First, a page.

Archive for January 21st, 2008

Further Notes on a Common Faith – Newman

January 21, 2008


In my recent post on a Common Faith, I offered a concatenation of quotes from the Fathers, East and West, on the doctrine of salvation as union with God (divinization or theosis). It included as well, both Luther and Calvin. I commented at the time that with some little research surely we could add Newman to that number. Considering that he was one of the 19th century’s greatest scholars on St. Athanasius, I knew I was right. Today I offer fruit of my small search:

It would seem, moreover, as I have said, that [Christ’] has done so by ascending to the Father; that his ascent bodily is his descent spiritually; that his taking our nature up to God, is the descent of God into us; that he has truly, though in an unknown sense, taken us to God, or brought down God to us, according as we view it. Thus, when St. Paul says that our life is hid with Christ in God, we may suppose him to intimate that our principle of existence is no longer a mortal, earthly principle, such as Adam’s after his fall, but that we are baptized and hidden anew in God’s glory, in that Shekinah of light and purity which we lost when Adam fell – that we are new-created, transformed, spiritualized, glorified in the Divine Nature – that through the participation  of Christ, we receive, as through a channel, the true presence of God within and without us, imbuing us with sanctity and immortality. (Quoted in Keating, p. 22 – the original is from Newman’s Lectures on Justification, lecture 9.)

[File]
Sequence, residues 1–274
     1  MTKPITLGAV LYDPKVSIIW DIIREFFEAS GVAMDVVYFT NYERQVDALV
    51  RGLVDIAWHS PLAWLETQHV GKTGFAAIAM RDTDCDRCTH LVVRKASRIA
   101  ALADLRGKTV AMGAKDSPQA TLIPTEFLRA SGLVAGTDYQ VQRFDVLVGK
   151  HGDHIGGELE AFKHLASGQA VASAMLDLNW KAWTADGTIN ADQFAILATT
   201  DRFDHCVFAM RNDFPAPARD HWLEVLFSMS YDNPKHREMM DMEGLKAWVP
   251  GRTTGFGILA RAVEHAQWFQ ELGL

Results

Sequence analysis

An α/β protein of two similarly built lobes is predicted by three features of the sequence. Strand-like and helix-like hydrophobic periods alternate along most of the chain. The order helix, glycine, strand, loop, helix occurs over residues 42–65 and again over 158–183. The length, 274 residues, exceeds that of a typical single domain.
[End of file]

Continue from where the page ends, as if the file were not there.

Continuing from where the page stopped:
More evidence that there is indeed a common faith, to be found in the early Fathers of the Church. Such a common faith, shed of later speculations about how many forms of grace there are (there is but one) or other “epicycles” of scholastic theology, is a watershed of truth, both seamless with the gospels and the apostolic canon, and proclaiming a faith that is indeed, or should be, the common faith of Christendom. That this common faith of Christendom, also happens to be the living faith of the Orthodox Church is not a moment for triumphalism, but a moment for thanksgiving on the part of all. That we need not become theological miners, searching for hidden truth in caves long dormant, but that we may become theological partners in the sharing and appropriation of the common faith of the Fathers, which is none other than the Apostolic faith, is a moment of joy and an occasion for thanksgiving to the good God who has kept us all for such a time.